Li S.,Chongqing Medical University | Li S.,Ministry of Education Key Laboratory of Child Development and Disorders | Guo P.,Chongqing Medical University | Guo P.,Key Laboratory of Pediatrics in Chongqing | And 6 more authors.
PLoS ONE | Year: 2016

Objective: This meta-analysis aimed to investigate the efficacy and safety of plastic wrap applied after birth and during NICU in preterm infants for prevention of heat loss in preterm infants. Study Methods: The Medline (1950 to August 2015), the Cochrane Central Register of Controlled Trials (CENTRAL, Issue 7, 2015), CINAHL (1982 to August 2015) and the Embase (1974 to August 2015) databases were searched for randomized controlled trials (RCTs) or quasi- RCTs with main outcomes related to the core temperature (baseline temperature and/or post-stabilization temperature), hypothermia, mortality rate and hyperthermia. Result: The included studies were of low to moderate quality. Compared with unwrapped infants, plastic wrap was associated with a significantly higher baseline temperature and post-stabilization temperature both in infants < 28 weeks of gestation (mean difference [MD] = 0.62, 95% CI 0.38 to 0.85; MD = 0.41, 95% CI 0.33 to 0.50, respectively), and in infants between 28 to 34 weeks of gestation (MD = 0.54, 95% CI 0.21 to 0.87; MD = 0.64, 95% CI 0.45 to 0.82, respectively). Use of plastic wrap was associated with lower incidence of hypothermia (relative risk [RR] = 0.70, 95% CI 0.63 to 0.78). However, use of plastic wrap in preterm infants was not associated with decrease in mortality (RR: 0.88, 95% CI 0.70 to 1.12, P = 0.31). Incidence of hyperthermia was significantly higher in the plastic wrap group as compared to that in the control group (RR = 2.55, 95% CI: 1.56 to 4.15, P = 0.0002). Hyperthermia in the plastic wrap group was resolved within one or two hours after unwrapping the babies. Conclusion: Plastic wrap can be considered an effective and safe additional intervention to prevent hypothermia in preterm infants. However, its cost-effectiveness and long-term effect on mortality needs to be ascertained by conducting well-designed studies with longer follow-up period. © 2016 Li et al. This is an open access article distributed under the terms of the Creative Commons Attribution License, which permits unrestricted use, distribution, and reproduction in any medium, provided the original author and source are credited.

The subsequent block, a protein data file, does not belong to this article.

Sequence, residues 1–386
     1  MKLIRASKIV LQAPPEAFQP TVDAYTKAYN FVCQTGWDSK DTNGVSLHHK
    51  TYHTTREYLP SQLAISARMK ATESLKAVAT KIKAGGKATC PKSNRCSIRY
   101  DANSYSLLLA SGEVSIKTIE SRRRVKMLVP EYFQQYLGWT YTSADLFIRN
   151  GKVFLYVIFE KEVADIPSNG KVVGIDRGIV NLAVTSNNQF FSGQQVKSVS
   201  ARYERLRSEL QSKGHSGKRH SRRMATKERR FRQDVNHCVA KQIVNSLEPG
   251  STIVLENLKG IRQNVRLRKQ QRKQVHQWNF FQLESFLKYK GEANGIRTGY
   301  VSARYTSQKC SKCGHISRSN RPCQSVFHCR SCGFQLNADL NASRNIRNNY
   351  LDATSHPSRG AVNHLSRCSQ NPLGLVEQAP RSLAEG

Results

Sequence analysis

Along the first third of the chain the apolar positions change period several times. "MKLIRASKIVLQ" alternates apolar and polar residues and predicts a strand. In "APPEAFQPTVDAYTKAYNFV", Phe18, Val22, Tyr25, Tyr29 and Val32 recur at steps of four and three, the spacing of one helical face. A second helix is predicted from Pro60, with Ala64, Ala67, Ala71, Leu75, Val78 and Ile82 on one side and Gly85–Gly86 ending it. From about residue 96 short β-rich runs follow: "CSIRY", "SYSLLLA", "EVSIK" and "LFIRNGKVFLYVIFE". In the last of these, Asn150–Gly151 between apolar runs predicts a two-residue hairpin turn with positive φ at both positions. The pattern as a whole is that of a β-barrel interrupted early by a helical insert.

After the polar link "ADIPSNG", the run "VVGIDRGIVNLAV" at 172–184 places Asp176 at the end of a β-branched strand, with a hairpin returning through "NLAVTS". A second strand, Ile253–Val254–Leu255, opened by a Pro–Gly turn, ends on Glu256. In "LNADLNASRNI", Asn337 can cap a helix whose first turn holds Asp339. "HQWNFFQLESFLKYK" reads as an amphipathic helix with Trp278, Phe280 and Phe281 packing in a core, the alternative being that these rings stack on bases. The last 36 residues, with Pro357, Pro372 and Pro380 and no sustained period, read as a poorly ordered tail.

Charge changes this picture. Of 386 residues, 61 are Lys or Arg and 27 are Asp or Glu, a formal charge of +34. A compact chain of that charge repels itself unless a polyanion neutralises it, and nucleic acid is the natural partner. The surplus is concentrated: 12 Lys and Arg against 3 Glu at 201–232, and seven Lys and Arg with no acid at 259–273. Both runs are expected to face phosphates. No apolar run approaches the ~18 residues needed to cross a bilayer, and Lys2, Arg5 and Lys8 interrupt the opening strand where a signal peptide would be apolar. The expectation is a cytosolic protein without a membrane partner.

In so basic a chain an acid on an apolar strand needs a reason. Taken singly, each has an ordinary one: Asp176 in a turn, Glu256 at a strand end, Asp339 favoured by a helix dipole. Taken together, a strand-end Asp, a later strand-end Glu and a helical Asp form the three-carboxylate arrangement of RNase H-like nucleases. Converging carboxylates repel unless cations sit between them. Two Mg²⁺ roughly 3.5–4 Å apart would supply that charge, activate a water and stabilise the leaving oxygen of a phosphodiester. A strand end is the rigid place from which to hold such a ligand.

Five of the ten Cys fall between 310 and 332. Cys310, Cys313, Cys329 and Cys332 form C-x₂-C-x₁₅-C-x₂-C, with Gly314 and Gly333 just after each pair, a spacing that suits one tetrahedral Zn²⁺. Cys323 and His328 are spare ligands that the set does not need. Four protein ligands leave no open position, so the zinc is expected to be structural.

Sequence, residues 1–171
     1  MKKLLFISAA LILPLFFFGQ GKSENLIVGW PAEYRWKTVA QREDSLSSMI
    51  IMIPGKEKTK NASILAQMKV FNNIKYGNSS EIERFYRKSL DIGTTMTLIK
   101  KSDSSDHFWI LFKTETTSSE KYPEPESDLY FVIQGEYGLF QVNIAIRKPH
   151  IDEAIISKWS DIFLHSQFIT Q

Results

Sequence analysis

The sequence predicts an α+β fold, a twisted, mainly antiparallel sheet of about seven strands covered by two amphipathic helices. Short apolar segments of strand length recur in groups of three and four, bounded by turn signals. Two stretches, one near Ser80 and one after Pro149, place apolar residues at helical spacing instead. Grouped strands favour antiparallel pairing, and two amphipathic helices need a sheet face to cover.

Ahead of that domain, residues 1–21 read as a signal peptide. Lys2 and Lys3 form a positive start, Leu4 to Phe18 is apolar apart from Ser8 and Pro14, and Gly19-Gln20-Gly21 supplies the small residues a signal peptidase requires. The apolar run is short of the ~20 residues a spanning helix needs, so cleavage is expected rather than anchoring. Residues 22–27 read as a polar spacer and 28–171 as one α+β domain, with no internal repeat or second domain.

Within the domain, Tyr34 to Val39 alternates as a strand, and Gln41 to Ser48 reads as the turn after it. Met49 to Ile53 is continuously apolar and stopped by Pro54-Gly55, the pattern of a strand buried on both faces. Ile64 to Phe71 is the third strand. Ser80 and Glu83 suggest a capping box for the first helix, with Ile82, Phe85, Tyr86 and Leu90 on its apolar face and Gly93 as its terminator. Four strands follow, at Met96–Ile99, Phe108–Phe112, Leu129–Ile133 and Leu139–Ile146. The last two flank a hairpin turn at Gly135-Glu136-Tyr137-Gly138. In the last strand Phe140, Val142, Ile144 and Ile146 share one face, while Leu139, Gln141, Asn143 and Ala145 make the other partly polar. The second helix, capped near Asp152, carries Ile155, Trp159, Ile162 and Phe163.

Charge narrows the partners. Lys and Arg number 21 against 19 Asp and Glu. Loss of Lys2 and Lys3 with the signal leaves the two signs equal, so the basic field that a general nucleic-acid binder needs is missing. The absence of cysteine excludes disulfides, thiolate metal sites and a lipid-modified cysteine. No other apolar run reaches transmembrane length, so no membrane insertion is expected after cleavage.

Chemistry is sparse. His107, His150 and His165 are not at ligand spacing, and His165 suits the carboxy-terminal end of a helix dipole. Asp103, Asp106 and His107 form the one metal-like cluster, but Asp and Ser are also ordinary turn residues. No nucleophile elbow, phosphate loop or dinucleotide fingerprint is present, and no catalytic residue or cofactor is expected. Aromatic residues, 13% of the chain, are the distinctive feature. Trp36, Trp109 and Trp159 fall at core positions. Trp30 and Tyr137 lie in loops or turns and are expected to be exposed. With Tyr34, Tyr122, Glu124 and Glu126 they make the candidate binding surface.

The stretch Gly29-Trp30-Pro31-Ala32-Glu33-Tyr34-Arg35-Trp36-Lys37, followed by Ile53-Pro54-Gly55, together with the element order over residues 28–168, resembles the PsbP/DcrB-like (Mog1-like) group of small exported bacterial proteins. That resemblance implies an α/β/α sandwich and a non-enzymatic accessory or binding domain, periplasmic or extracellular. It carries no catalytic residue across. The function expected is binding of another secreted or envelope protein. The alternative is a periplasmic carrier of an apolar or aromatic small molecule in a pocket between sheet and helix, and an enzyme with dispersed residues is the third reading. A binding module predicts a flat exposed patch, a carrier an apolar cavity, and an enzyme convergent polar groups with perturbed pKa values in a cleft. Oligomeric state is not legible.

Tu S.,Chongqing Medical University | Tu S.,Ministry of Education Key Laboratory of Child Development and Disorders | Wang X.,Chongqing Medical University | Bai L.,Chongqing Medical University | And 7 more authors.
Journal of Vascular Access | Year: 2012

Purpose: Report the procedural complications of internal jugular vein (IJV) catheter insertion in infants and children and discuss how to prevent them. Methods: An observational study was performed from January 2006 to August 2010; 1309 internal jugular vein cannulae were inserted in the operating room by either staff or resident anesthesiologists. Patient age, weight, sex, type of catheter (diameter, lumen number), number of attempts, and complications were recorded. The discussion is focused on how to prevent or reduce internal jugular vein line insertion related complications in infants and children. Results: 1309 IJV cannulae were inserted, 85.63% of catheters placed were successful after one to three attempts. Complications included 12 arrhythmias (0.91%), 25 arterial punctures (1.90%), 16 hematomas (1.22%), 17 device occlusions, breaks or malpositions (1.29%), 11 line-related infections (0.84%), four cases of thrombus (0.31%), two cardiopulmonary arrests (0.15%), two hemothoraces (0.15%), five pneumothoraces (0.38%), and one guidewire winding (0.07%). The complication rates of resident anesthesiologists were significantly higher compared to staff anesthesiologists for both common and rare complications (4.27% versus 2.21%; 0.68% versus 0.07%, respectively). In addition, residents' number of attempts were greater than staff anesthesiologists (1.84 and 1.38, respectively). Conclusions: The IJV catheterization was feasible in infants and children. To reduce the risk of complications, the procedure should be performed or supervised by staff anesthesiologists; inserting the needle, guidewire, dilator, and the catheter too far should be avoided. It is now commonly accepted that all central venous cannulations should be performed under ultrasound guidance, especially in children. © 2011 Wichtig Editore.